By Ian Austen for the New York Times |
Facing vaccine shortages, Canada’s immunization advisory body is recommending that some Canadians follow up their AstraZeneca shots with a different vaccine on the second dose.
The National Advisory Committee on Immunization said on Tuesday that people who had received a first dose of the AstraZeneca vaccine could be given either the Pfizer-BioNTech or Moderna vaccines as their second dose. It also said that the Pfizer and Moderna vaccines could be used interchangeably, although it recommended sticking with a single brand when possible.
While Canada’s health care system has generally been efficient in dispensing shots, no vaccines are manufactured in the country and larger shipments did not begin arriving until the past several weeks. To ensure that the maximum number of Canadians have some protection, Canada focused on getting at least one dose to as many people as possible. While 62 percent of Canadian adults have been given at least one shot, only 5.7 percent are fully vaccinated.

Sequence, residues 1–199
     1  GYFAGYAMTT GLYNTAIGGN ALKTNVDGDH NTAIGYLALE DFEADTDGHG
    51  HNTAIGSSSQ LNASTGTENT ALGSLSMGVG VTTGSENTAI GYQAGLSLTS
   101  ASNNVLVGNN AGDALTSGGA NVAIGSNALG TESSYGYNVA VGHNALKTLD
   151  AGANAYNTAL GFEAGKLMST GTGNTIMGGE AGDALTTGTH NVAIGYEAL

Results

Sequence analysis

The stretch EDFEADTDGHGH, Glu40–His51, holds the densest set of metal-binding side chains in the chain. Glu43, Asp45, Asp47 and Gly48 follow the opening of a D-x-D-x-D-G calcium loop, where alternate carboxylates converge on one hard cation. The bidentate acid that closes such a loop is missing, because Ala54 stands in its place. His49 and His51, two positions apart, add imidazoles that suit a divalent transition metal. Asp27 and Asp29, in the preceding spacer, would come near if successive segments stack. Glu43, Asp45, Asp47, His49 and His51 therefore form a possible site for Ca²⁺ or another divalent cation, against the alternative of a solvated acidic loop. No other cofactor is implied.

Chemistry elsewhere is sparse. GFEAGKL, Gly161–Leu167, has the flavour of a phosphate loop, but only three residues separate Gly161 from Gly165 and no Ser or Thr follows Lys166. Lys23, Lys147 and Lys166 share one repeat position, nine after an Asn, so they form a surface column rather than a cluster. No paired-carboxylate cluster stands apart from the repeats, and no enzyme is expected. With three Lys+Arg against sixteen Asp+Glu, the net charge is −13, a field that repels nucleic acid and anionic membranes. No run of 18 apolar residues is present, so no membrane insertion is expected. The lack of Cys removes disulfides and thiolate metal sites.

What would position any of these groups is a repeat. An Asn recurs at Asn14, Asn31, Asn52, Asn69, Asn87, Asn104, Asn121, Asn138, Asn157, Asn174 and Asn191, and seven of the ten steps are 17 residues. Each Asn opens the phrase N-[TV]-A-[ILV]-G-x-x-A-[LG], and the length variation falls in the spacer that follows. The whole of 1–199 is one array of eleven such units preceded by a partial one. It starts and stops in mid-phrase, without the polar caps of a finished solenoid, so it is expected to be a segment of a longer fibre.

The advisory panel’s recommendation came as many provinces are starting to ramp up second doses, and it may resolve a potential headache.
Most of the increased shipments of vaccine have come from Pfizer, while supplies of the Moderna and AstraZeneca vaccines have been in much shorter supply. To date, 19.3 million doses of Pfizer’s vaccine have come to Canada, compared with 5.7 million doses of Moderna and 2.8 million Astra Zeneca shots.
The ability to substitute Pfizer’s vaccine for second doses eliminates concerns about limited supplies.
The advisory panel said that its recommendation followed similar advice from Denmark, Finland, France, Germany, Norway, Spain and Sweden. Several studies have shown that mixing vaccines is safe and effective, the committee said.
Seven of Canada’s 10 provinces, whose health care systems perform the vaccinations, have said they will allow people to change course between doses.